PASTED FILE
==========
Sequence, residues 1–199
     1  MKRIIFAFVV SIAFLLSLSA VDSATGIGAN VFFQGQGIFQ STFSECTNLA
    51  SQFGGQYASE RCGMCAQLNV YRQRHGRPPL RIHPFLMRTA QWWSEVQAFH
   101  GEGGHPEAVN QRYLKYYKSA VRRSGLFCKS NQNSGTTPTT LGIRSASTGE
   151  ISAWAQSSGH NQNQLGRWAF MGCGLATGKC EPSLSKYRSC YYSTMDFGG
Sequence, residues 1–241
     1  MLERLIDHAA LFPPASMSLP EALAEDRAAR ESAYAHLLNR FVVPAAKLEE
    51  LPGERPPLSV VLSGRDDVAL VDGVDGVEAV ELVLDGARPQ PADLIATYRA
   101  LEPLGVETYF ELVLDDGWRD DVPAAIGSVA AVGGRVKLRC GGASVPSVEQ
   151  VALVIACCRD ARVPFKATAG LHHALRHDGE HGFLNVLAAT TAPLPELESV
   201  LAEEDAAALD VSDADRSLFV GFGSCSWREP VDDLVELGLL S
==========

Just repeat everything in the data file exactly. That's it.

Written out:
Sequence, residues 1–199
     1  MKRIIFAFVV SIAFLLSLSA VDSATGIGAN VFFQGQGIFQ STFSECTNLA
    51  SQFGGQYASE RCGMCAQLNV YRQRHGRPPL RIHPFLMRTA QWWSEVQAFH
   101  GEGGHPEAVN QRYLKYYKSA VRRSGLFCKS NQNSGTTPTT LGIRSASTGE
   151  ISAWAQSSGH NQNQLGRWAF MGCGLATGKC EPSLSKYRSC YYSTMDFGG
Sequence, residues 1–241
     1  MLERLIDHAA LFPPASMSLP EALAEDRAAR ESAYAHLLNR FVVPAAKLEE
    51  LPGERPPLSV VLSGRDDVAL VDGVDGVEAV ELVLDGARPQ PADLIATYRA
   101  LEPLGVETYF ELVLDDGWRD DVPAAIGSVA AVGGRVKLRC GGASVPSVEQ
   151  VALVIACCRD ARVPFKATAG LHHALRHDGE HGFLNVLAAT TAPLPELESV
   201  LAEEDAAALD VSDADRSLFV GFGSCSWREP VDDLVELGLL S